BEWARE THE PROMISED LAND: politics, job searching, throwing punches and Chuck Berry

Election Blog

Change is a good thing – but not for its own sake, and not at the expense of what we believe is a good idea.

The general election here in the UK is on Thursday 8th June and many will be happy to see the back of the TV debates, polling updates, negative advertising and a seemingly never-ending quest for soundbites and headlines – and I’m no different. However I have found one thing about this campaigning period particularly interesting; it has reconfirmed the power of promises. 

They might be empty, genuine, well-intentioned or with some malice behind them. They might well be broken later or completely fulfilled – but fundamentally the offer of hope and the offer of a bright future is extremely powerful stuff – especially to someone who doesn’t have much of either.

The dangers of ‘The Promised Land’ can be summed up nicely in two of my favourite songs with that very title; Chuck Berry’s rock n’ roll classic is upbeat about ‘the poor boy’ taking a life-changing road trip and landing in the perfect place at the end. Bruce Springsteen’s version is more downbeat, intense and hard to work out.

If you just go for the headline, you don’t know which version you might end up with.

This is by no means an indication of where I stand on the political spectrum or who I will be voting for on Thursday, but more than ever during this election build-up it seems evident how easy it is to promise the world when you’re not in a position of power and, conversely, how difficult it is to engage in those debates when you have an actual record to defend.

There are no U-Turns when you’ve never had to make a meaningful decision. The challenger only needs to attack, and then make grand promises about how they’ll make things better.  The belt holder needs to somehow throw punches while keeping their guard up the whole time.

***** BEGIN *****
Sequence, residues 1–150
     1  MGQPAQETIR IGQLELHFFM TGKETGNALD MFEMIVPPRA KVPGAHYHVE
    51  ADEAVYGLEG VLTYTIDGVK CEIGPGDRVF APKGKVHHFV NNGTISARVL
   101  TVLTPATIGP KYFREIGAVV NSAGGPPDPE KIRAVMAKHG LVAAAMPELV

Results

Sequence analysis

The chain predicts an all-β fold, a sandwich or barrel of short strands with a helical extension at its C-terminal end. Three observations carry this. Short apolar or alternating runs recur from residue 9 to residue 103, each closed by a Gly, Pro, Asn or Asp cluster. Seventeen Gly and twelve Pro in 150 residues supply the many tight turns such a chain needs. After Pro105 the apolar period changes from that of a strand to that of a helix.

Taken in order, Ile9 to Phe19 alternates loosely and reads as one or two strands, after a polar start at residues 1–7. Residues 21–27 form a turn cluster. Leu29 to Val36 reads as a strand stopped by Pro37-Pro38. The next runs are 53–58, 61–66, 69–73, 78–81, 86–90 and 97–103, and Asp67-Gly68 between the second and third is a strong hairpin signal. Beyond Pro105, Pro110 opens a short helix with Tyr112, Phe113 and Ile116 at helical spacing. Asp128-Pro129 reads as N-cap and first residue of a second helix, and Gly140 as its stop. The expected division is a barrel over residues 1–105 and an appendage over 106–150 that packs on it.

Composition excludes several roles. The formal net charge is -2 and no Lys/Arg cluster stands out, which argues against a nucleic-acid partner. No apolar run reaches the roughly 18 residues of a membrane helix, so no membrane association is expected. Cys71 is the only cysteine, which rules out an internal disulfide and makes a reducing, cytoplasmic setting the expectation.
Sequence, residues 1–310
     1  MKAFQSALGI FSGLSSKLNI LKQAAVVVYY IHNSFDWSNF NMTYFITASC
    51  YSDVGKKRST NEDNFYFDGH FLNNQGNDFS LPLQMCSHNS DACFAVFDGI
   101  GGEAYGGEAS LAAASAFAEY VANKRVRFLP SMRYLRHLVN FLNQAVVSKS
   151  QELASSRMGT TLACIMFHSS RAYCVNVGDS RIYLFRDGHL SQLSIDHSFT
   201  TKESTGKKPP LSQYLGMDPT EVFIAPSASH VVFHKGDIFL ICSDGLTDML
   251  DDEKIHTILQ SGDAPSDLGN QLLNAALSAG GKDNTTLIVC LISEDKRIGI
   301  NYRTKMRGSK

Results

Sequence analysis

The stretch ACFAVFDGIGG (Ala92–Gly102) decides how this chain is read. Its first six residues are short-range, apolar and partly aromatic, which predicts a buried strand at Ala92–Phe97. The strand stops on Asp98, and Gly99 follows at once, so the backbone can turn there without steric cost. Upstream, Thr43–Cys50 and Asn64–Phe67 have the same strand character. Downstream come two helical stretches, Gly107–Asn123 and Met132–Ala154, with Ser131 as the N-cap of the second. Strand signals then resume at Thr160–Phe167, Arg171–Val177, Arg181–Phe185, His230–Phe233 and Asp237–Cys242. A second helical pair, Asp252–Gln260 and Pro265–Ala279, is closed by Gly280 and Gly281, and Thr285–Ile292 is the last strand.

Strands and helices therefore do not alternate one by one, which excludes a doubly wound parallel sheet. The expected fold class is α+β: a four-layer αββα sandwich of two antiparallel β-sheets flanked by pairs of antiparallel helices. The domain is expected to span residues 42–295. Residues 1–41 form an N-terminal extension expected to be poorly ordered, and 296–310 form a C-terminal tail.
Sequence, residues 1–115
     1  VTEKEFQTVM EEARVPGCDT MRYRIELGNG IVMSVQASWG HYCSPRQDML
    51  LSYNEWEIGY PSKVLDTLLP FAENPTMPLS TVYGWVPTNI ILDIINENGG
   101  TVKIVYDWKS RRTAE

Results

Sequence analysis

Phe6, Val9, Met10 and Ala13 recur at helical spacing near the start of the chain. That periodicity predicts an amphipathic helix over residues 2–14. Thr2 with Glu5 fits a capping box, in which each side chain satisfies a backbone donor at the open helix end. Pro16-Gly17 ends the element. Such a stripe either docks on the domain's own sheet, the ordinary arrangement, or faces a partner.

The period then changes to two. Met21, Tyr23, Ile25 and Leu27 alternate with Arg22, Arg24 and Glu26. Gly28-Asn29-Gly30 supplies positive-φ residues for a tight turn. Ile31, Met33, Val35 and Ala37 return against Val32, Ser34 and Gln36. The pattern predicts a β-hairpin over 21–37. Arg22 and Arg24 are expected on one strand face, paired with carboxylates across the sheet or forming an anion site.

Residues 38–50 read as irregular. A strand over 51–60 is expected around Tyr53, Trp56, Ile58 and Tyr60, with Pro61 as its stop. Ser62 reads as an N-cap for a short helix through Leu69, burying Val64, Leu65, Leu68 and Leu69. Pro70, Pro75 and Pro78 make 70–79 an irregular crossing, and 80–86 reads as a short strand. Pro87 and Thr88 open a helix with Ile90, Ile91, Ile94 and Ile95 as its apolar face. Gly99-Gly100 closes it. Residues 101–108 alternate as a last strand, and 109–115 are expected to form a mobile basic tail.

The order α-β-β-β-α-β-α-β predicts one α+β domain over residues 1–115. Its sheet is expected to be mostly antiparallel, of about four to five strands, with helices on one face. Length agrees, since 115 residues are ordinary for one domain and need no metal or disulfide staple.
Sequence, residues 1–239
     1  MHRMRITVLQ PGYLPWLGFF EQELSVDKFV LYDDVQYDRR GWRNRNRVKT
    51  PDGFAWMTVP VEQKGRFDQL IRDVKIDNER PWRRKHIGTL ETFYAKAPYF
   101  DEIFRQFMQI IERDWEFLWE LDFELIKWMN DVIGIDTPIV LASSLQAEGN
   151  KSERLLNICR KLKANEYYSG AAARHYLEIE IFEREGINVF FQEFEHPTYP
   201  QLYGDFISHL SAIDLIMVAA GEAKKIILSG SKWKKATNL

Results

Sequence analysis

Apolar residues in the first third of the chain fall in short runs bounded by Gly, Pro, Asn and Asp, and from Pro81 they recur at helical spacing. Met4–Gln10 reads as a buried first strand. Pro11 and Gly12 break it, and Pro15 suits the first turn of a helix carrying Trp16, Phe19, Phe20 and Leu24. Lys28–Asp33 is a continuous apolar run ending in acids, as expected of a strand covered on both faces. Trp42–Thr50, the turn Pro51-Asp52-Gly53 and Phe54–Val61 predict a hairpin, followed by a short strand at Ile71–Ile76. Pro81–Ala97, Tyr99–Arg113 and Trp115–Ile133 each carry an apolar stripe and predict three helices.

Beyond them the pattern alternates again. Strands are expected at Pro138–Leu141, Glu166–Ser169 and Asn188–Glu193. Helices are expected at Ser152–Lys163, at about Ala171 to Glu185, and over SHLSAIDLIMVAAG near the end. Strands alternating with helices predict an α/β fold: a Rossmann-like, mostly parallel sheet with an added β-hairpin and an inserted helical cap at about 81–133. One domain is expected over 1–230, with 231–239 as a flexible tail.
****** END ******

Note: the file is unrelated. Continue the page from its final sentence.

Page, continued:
I thought Theresa May was right to stay away from the TV debates; 7 people standing on a stage shouting across each other, desperately trying to get the headline the next morning does not make for particularly adult or reasoned political discussion. Also, when only one of the seven is from the government, it regularly ends up in a 6 vs 1 slanging match.

It might seem crass to draw parallels with job searching – but as a head hunter I can’t escape those instincts, and there are clear similarities.

Change for change’s sake

I guess I’m supposed to promote the idea of leaving your current employer – but change just for the sake of changing is usually a misguided attempt at finding that perfect scenario and it most often doesn’t leave you in a better position. Change for change’s sake is a strand of thinking which results in a highly unpredictable President in the US, extreme right wing contenders in France, Holland, Austria and elsewhere, and very left wing options in various places too.

Over the years I’ve lost count of the number of people I’ve spoken with who have found themselves in the wrong job – either because they made a change for the sake of changing, or because an organisation (or recruiter) promised them some nirvana situation to solve all of their problems.

We all probably wish our situation was at least slightly better than it is, but our reasoning behind how we improve that needs to stay as logical and sensible as ever. Picking something or someone because it’s non-traditional or offering a different path is fine – but not at the expense of what actually matters to you for your career, or what you believe is needed in your local or national community.

I think most promises are well intentioned. I don’t believe any potential new employer – or indeed your existing one – actually want you to make a bad career choice. If they make you big promises they are most likely aspirational if not a current reality.

Also, I don’t think any of the mainstream political leaders here in the UK sit up in some dark tower stirring a pot and cooking up nasty or evil schemes to keep homeless people on the street, or make sure the disabled have no assistance, or indeed support the idea of bombing people to further a cause. None of them has a monopoly on wanting a better, fairer society – it’s just the approach in how we get there that differs.

As Chuck and Bruce have shown, everyone has a different version of The Promised Land.


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